92nd American Meteorological Society Annual Meeting (January 22-26, 2012)

Tuesday, 24 January 2012: 2:30 PM
A Progress Report on the Integration of PV Solar and Wind Energy Into the German Power Grid
Room 345 (New Orleans Convention Center )
Ernest M. Zampelli, Catholic Univ. of America, Washington, DC; and K. F. Forbes

In response to the very real challenge of climate change, the share of electricity generation from renewable sources is expected to increase substantially over the next few decades. This increase is expected to come largely from PV solar and wind energy. The state of California has recently approved legislation which requires that one-third of California's electricity come from renewable sources by 2020. Much of the increase is expected to come from wind and solar. The nameplate capacity levels of solar PV in California in 2020 is expected to be almost 6,000 MW which is over 100 times the 2007 levels (Hawkins, 2008). This is more than the capacity of the current fleet of nuclear plants in California. Wind energy capacity in 2020 is expected to be almost 13,000 MW which is five times the 2007 level.

Very little is known about the likely operational effects of this energy transformation. For while both solar and wind are renewable, they have the disadvantage of not being fully dispatchable. As a result, system operators manage these energy resources by forecasting production levels. The accuracy of the forecasts is critical since the stability of the system requires that the amount of power generation in a control area match exactly, on a near-instantaneous basis, the system load, net of losses and interchange with other control areas. Unfortunately, very little is known about the accuracy of the wind and PV solar forecasts in California.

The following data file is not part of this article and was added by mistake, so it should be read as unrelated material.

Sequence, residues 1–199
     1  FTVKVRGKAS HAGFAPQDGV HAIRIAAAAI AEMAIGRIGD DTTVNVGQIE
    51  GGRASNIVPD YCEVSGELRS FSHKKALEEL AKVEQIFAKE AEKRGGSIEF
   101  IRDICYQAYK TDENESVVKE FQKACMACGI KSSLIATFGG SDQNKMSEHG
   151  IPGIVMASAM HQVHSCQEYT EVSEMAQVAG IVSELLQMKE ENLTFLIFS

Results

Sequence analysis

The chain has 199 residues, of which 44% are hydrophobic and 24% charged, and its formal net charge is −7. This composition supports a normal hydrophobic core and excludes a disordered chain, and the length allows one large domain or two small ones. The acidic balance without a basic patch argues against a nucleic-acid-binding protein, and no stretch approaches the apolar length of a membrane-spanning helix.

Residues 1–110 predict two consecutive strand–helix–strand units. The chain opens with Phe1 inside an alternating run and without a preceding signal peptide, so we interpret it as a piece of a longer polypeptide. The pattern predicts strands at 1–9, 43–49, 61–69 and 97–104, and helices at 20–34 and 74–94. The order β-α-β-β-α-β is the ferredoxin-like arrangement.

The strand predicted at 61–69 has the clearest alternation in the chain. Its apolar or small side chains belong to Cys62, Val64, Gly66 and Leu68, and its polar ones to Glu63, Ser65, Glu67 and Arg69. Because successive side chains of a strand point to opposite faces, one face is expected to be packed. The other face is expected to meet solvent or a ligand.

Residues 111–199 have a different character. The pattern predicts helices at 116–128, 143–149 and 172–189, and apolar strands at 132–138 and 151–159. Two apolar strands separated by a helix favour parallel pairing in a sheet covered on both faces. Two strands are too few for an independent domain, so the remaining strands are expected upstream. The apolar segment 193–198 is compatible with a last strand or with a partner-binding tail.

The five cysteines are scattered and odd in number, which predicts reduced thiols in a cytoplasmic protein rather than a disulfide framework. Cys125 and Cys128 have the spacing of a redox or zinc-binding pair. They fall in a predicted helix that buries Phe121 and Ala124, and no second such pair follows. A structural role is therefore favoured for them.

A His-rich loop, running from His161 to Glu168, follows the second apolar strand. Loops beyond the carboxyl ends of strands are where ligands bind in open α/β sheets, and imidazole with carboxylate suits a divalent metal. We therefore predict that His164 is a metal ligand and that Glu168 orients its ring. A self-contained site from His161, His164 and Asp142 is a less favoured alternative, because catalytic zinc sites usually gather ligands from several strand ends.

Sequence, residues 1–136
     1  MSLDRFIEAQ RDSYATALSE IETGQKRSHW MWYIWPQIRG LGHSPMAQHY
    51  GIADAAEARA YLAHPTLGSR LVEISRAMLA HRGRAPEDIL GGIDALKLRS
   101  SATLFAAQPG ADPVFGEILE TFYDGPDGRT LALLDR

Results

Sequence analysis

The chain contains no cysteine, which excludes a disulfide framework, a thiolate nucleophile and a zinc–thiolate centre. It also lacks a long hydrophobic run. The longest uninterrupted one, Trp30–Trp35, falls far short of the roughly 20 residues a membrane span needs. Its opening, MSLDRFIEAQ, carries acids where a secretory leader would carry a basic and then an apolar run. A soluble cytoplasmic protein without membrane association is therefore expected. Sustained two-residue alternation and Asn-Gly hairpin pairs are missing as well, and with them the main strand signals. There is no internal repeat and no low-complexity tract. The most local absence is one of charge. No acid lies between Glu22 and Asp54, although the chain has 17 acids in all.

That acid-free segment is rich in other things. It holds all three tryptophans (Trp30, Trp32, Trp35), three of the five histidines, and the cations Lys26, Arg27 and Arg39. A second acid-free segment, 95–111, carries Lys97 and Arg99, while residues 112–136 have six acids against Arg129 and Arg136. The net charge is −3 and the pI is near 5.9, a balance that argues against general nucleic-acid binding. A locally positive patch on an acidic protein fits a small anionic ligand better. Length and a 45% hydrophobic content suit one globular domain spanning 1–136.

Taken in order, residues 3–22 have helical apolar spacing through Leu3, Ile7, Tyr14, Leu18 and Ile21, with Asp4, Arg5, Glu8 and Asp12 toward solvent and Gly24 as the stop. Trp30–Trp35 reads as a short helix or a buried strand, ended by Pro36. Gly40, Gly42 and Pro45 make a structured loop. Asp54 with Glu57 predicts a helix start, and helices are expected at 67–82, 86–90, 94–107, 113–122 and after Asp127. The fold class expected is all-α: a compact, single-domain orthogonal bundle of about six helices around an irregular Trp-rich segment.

This paper assesses the operational impacts of integrating PV solar and wind energy into the power grid by examining the operational challenges of PV solar and wind energy in Germany, a country whose power grid has a high degree of operational transparency. Germany is also a recognized world leader in embracing renewable energy. In the TenneT transmission control area in central Germany (http://www.tennettso.de/pages/tennettso_en/index.htm ) wind energy and PV solar energy accounted for approximately 17 and 11 percent, respectively, of vertical load during the day light hours over the period 1 March 2010 through 30 April 2011. While these penetration levels are seemingly modest relative to the increasingly cited goal of 100 percent renewable energy, it may be of relevance that there are instances in which both PV solar and wind energy in the TenneT system actually exceed its vertical load. Wind and solar penetration levels are also significant in the 50Hertz ( http://www.50hertz-transmission.net/en/index.htm?languagevariantid=ENG&lang=en&switchLanguage=yes) and Amprion ( http://www.amprion.net/en) systems.

The paper proceeds by first assessing the accuracy of the PV solar and wind forecasts relative to the accuracy of forecasting load. The analysis then considers the operational challenges associated with the integration of these renewable technologies.

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